Financial markets upped the pressure today on debt-ridden Greece, as investors remained sceptical about its long-term solvency despite assurances that a rescue loan will soon help pay off a chunk of the country's crushing debts.
Market fears appeared driven by Germany's grudging attitude toward bailing Greece out, which could delay the funds. Longer term, some economists think Greece's growth prospects are so weak the government will not be able to collect enough taxes to meet its debt obligations years down the road.
The interest rate gap, or spread, between Greek bonds and benchmark German 10-year bonds reached a record 6.5 percentage points today before retreating slightly. That means that if Greece were to try to borrow on the bond markets, it would have to offer interest approaching 10 per cent — three times what economic powerhouse Germany pays.
The higher rate reflects fears that Greece is too risky to lend to and may some day fail to pay back what it owes. Greece's troubles have undermined the euro and raised concerns that its debt crisis may spread to other financially weak governments in Europe, including Portugal, Spain, Italy and Ireland.
"When the question at issue is whether we can borrow, one realizes how difficult a position the country is in," government spokesman George Petalotis said today.
Michael Massourakis, chief economist at Alpha Bank, attributed the spike to German reluctance to expedite the aid.
"Nothing has changed over the weekend, except that Germany seems to be having some problems in terms of committing itself to the rescue package," he said. "Markets have been testing whatever decision has been made in the last 2 or 3 months, and I think every case of uncertainty makes (them) jittery."
Berlin says it will not act in haste on the aid, which will need parliamentary approval in any case. Chancellor Angela Merkel, who has her eye on winning local elections on 9 May, says Greece needs to show its commitment to long-term budget cuts first. Many German voters are not happy with the prospect of having to bail out Greece.
Greek Finance Minister George Papaconstantinou said a rescue package from countries using the euro and the International Monetary Fund will allow the country to redeem some €8.5bn ($11.3bn) in 10-year bonds expiring on 19 May.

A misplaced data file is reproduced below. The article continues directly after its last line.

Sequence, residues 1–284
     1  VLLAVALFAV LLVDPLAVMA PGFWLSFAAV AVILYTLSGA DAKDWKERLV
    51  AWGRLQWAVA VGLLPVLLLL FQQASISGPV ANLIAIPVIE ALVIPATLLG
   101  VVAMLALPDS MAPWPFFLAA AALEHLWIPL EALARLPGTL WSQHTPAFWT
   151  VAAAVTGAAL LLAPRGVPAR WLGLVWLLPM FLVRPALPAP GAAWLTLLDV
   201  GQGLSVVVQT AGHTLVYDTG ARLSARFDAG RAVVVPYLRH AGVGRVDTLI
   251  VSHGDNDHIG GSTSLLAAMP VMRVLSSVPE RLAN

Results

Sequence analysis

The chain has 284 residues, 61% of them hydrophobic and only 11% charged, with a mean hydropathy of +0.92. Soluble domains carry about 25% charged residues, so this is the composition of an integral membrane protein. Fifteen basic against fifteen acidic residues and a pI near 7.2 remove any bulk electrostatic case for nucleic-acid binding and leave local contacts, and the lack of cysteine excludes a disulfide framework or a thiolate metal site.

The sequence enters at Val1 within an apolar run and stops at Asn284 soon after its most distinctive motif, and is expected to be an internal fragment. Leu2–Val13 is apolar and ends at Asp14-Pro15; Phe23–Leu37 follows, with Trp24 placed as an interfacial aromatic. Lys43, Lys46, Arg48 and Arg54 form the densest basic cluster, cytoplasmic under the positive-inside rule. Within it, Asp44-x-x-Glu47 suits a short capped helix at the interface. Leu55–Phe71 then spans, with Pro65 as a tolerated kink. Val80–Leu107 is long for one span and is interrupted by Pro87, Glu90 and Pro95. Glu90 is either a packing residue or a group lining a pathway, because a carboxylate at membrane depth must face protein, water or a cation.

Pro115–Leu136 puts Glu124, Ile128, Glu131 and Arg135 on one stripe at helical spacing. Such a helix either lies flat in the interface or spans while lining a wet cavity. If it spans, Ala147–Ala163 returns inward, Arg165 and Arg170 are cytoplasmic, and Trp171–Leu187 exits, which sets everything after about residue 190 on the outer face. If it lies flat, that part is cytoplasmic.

Squeezed between a massive budget deficit and a €300bn public debt, which shocked Greece's EU partners and alarmed markets, the centre-left Socialist government initially vowed to continue raising cash through debt issuance.
But spiraling borrowing costs forced Athens last week to request a €40bn ($53bn) financial aid package from the IMF and the other 15 states using the euro currency.
Papaconstantinou said he expected the IMF board to approve its portion of the loan support — around a quarter of the total — in the first 10 days of May. He said if some European parliaments were delayed in approving their contributions, the IMF support could be used to obtain bridge financing from other sources.
After a meeting with Prime Minister George Papandreou Monday, Papaconstantinou said the negotiations were going well.
"We hope they will be completed soon with a three-year framework of economic policy and the terms of financing so that Greece can continue to borrow freely, as I'm certain it will, to cover our borrowing requirements," he said.
The debt crisis emerged late last year when Greece abruptly raised its deficit figures and admitted the previous government had issued years of questionable financial data.
Greece has pledged to cut its deficit to 8.7 per cent of annual output this year, from a revised 13.6 per cent in 2009, through broad spending cuts and more efficient taxation.
"I think markets have to be convinced that there is a high probability of success in terms of adjustment," Massourakis said. "Greece has never had much of an adjustment in the past few years, so there is a lot of fat to be cut."
Today, official statistics said the country's trade deficit shrunk 26.9 per cent in January and February 2010 to €3.68bn, compared to the corresponding period in 2009.
A team from the IMF, the EU and the European Central Bank has held talks for the past week in Athens on Greece's cost-cutting programme. Officials say the experts have advised expanding the cuts to the private sector, by abolishing two extra monthly salaries that Greek employees receive.
Petalotis, the government spokesman, said that move would lead to "an unbearable standard of living" for the average Greek and cost the state some €2 billion in contributions to its tottering social security system.
Papaconstantinou said he did not expect the IMF to demand more painful measures than Greece's eurozone partners.
"It is a mistake to believe that the IMF has come to impose harsher or different terms than those we are discussing with our European partners," he said. "There is a common approach, that Greece must in coming years drastically reduce its deficits, control its debt and make all structural adjustments required for a more competitive economy."
Unions have reacted angrily to the rescue plan, as well as extant and expected new austerity measures.
Unrest spread to Greek air force pilots today, who claimed "psychological inability" to carry out training flights to protest a revision of their tax status.
Defence Minister Evangelos Venizelos said he was "deeply disappointed" with the pilots.
Ferries were confined to port today by a 24-hour seamen's strike against reforms meant to boost cruise tourism. Tomorrow, Athens public transport workers will walk off the job for six hours and the main civil servants' union, ADEDY, is holding a protest rally in the evening.Reuse content